November 01, 2010

Save Standard English; or, Stop Being Mis-CHEEVY-ous!

One hears stories on the BBC, stories without a note of disapprobation mind you, about the ways in which the youth of today is bastardizing the English language without so much as a by your leave. It’s all most troubling. Apparently, the status of English as the new French is not the only route to its being sullied and abused. The bally natives can’t even get the thing right, apparently because they labour under the misconception that words ought to sound how they are spelled. Hence the pronunciation of ‘ate’ as 8, instead of ‘et’, which used to be how it was spelled, until someone made it deliciously ornate to ward off interlopers. The same is true of ‘says’, which the poor blighters are rhyming with ‘ways’ instead of ‘fez’. It will never do.

My pet peeve – you might have noted that I have a number of pet peeves; the apartment is a regular menagerie by now – is the insistence of the illiterate in pronouncing ‘aitch’ with an ‘h’ at the beginning. One might be forgiven for thinking that it is only English-speaking French people who go around putting aitches everywhere except where they are meant to be, but apparently the British have a great knack for it. I’m told it’s something to do with a rather silly neurosis about not appearing to be working class. That’s how Orwell identified his socially inferior comrades, don’t you know? He compelled the middle classes to join forces in an incoherent socialism, telling his stupefied readers that they had nothing to lose but their aitches. Well, more fool him for thinking that aitches were trifles. In the event, it turns out that the working classes fancied a bit of the capitalist pie after all, and figured that aitches were the only thing standing in their way. So, they put them every-bloody-where, including at the start of ‘aitch’, thereby ensuring that everyone can still readily identify them as the working classes they long not to be.

It's to the north, I believe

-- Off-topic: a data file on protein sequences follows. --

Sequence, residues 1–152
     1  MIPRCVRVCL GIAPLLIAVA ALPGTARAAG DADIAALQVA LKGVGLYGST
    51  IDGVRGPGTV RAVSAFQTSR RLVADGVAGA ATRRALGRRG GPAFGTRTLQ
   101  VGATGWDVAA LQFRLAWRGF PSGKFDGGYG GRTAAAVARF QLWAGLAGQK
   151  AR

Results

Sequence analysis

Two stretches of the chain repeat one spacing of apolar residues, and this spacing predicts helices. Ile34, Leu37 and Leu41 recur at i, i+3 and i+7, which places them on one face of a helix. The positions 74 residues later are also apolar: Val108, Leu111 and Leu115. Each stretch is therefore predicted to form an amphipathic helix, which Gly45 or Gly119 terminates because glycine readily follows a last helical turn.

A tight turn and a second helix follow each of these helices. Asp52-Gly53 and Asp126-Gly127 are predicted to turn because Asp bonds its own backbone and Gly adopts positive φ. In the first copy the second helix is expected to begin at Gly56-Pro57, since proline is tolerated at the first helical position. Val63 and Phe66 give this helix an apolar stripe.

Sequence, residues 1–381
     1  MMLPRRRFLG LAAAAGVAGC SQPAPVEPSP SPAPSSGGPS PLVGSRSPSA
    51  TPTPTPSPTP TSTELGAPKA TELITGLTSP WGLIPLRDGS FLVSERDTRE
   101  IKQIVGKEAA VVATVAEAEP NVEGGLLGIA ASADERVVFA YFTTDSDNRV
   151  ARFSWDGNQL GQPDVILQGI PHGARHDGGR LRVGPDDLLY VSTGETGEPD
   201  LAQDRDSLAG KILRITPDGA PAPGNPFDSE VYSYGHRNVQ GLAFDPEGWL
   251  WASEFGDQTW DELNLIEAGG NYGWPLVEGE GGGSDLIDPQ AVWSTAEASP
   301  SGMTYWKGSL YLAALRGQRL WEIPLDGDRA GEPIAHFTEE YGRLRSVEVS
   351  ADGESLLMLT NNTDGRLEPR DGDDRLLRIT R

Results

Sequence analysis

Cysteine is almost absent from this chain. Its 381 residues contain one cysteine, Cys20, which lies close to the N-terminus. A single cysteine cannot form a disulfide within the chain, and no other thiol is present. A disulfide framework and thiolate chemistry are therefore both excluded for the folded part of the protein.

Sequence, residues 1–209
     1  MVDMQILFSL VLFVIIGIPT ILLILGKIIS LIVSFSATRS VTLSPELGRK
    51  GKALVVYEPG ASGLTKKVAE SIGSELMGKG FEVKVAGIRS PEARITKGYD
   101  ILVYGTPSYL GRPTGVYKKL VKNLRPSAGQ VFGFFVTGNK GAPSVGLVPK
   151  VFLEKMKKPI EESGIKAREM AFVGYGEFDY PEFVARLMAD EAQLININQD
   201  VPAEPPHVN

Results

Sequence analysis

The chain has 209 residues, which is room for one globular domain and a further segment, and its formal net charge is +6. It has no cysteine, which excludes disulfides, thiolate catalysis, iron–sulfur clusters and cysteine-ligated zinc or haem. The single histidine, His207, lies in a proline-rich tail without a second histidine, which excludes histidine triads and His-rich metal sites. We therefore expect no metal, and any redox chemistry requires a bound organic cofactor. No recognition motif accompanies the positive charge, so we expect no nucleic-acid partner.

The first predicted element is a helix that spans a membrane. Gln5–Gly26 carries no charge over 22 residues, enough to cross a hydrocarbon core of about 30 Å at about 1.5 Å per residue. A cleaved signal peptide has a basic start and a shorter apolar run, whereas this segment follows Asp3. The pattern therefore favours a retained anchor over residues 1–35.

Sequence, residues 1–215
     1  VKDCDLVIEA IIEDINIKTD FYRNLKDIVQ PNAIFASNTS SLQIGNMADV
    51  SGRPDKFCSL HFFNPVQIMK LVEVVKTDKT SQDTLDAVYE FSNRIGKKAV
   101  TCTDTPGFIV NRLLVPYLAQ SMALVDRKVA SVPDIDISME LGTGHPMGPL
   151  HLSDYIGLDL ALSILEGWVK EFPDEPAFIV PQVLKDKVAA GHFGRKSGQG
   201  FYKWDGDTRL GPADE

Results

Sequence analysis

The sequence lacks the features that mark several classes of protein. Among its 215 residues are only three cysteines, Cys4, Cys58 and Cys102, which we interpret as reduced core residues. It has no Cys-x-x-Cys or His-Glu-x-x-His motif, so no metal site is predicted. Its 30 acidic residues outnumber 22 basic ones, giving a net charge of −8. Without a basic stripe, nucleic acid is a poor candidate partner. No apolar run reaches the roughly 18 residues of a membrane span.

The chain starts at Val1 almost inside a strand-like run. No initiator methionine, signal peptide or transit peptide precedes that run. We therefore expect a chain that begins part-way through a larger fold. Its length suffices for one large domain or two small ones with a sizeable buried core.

Those incorrigible scamps who dare to use polysyllables also tinker with the word ‘mischievous’, pronouncing a phantom ‘i’ before the ‘o’. I suppose it’s either a sick joke or that they are borrowing the ‘i’ from American aluminium, which apparently has one going spare. And all the while the politically correct linguists keep repeating that there’s no right or wrong; that this is how language evolves; each to his own, and so on. Well, I’m all for regional diversity: England has a great range of daft accents and dialects that help us to know where we are, and they are a wonderful source of pride and passion, as well as an endless mine for television comedians and advertisers. But, we’ve all always known that there was a correct way to speak that served for job interviews, meeting the vicar or the bank manager, and for generally being understood when outside one’s own village. To be ‘bidialectal’ was to be English. However, if we go around saying that anyone can talk any old way they please, it’s all the same to us, and sorry even for breathing, then before you know it we’ll be a barbarian backwater. Americans, instead of assuming that we’re all touched with genius and related to the Queen, will laud it over us for our inferior articulations, and laugh at our cute incompetency with the language we invented.

Save Standard English. It’s the only damn thing we have left!


  1. Doctor, let me subscribe to your final appeal - for some reason, I am thinking about Machiavelli ending the Prince with an appeal to patriotism in Italy and a stanza from Petrarch - and let me lament England has nothing left to boast when it comes to the grand arena.

    But I am sure that a deep love of the language would again make English people competent to read their masters and to speak in public. - Or when's the last time you heard a good speech in English?

  2. The problem is language is so intwined with culture, can it not be bastardized? But i agree that American schools need to teach public speaking skills. And not just any old public speaking skills, people need to learn to speak clearly, professionally, and with enunciation.

    While the decline of speaking clearly in public may be a tragedy, I would say that writing skills are in greater need of repair. Dam the stream or dam the river? That's the question.

  3. My dear Kravien, there is a good reason for the continual replaying of Churchillian speeches. Nothing has come close since.

    And my dear TE, I cannot fault you on your observation that language is intwined with culture, but our mistake is to think of culture as completely free. It never has been before: the power of court and patronage ensured that culture was played out along narrowly conceived lines. The 'anything goes' attitude is part of the general abdication of leadership - not just in politics, but in art, music, literature and poetry. Who are the great patrons? Who are the guardians of public life? Where is our court, and who are the courtly (and where, to that end, is courtesy?)? Where, in short, do people learn (school is clearly not the answer)? I'm not sure about damming streams or rivers. Damn it all, I say.


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